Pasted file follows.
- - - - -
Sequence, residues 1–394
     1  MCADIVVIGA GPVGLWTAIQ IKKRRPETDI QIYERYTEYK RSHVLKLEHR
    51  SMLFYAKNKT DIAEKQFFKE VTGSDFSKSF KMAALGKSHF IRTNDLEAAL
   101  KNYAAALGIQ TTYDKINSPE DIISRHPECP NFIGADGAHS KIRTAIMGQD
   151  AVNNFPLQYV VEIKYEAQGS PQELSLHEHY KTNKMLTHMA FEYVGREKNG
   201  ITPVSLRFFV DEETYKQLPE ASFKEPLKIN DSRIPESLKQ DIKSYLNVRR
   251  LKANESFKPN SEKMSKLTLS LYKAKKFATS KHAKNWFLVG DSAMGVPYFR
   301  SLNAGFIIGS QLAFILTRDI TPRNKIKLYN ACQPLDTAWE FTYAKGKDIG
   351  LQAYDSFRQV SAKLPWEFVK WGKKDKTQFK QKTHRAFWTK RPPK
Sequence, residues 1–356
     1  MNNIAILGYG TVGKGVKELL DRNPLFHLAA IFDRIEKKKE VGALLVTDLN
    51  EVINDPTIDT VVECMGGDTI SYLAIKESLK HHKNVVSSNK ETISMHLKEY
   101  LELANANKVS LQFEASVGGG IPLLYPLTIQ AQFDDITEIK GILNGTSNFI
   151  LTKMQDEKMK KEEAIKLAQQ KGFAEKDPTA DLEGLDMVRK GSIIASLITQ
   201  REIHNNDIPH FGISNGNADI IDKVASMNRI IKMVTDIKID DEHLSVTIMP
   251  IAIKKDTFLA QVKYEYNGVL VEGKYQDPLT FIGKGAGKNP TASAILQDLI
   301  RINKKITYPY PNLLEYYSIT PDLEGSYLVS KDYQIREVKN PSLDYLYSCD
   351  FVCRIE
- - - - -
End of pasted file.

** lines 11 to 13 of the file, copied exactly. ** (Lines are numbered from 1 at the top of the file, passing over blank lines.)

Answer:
     1  MNNIAILGYG TVGKGVKELL DRNPLFHLAA IFDRIEKKKE VGALLVTDLN
    51  EVINDPTIDT VVECMGGDTI SYLAIKESLK HHKNVVSSNK ETISMHLKEY
   101  LELANANKVS LQFEASVGGG IPLLYPLTIQ AQFDDITEIK GILNGTSNFI